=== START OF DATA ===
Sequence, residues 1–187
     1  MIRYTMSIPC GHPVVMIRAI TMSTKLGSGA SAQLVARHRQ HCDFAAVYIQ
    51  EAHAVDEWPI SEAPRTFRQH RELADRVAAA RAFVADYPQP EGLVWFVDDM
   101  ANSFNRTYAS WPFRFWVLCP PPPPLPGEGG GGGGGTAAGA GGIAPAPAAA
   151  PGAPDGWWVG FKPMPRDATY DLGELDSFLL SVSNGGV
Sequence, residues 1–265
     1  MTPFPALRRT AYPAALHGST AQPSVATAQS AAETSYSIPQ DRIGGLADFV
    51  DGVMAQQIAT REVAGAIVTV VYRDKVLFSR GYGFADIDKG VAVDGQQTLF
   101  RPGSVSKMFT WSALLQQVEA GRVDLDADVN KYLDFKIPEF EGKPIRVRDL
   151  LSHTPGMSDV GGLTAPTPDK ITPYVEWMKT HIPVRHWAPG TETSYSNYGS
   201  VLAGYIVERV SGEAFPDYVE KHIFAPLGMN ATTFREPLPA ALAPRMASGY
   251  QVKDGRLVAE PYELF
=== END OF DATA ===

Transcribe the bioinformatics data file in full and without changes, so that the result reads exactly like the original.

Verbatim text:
Sequence, residues 1–187
     1  MIRYTMSIPC GHPVVMIRAI TMSTKLGSGA SAQLVARHRQ HCDFAAVYIQ
    51  EAHAVDEWPI SEAPRTFRQH RELADRVAAA RAFVADYPQP EGLVWFVDDM
   101  ANSFNRTYAS WPFRFWVLCP PPPPLPGEGG GGGGGTAAGA GGIAPAPAAA
   151  PGAPDGWWVG FKPMPRDATY DLGELDSFLL SVSNGGV
Sequence, residues 1–265
     1  MTPFPALRRT AYPAALHGST AQPSVATAQS AAETSYSIPQ DRIGGLADFV
    51  DGVMAQQIAT REVAGAIVTV VYRDKVLFSR GYGFADIDKG VAVDGQQTLF
   101  RPGSVSKMFT WSALLQQVEA GRVDLDADVN KYLDFKIPEF EGKPIRVRDL
   151  LSHTPGMSDV GGLTAPTPDK ITPYVEWMKT HIPVRHWAPG TETSYSNYGS
   201  VLAGYIVERV SGEAFPDYVE KHIFAPLGMN ATTFREPLPA ALAPRMASGY
   251  QVKDGRLVAE PYELF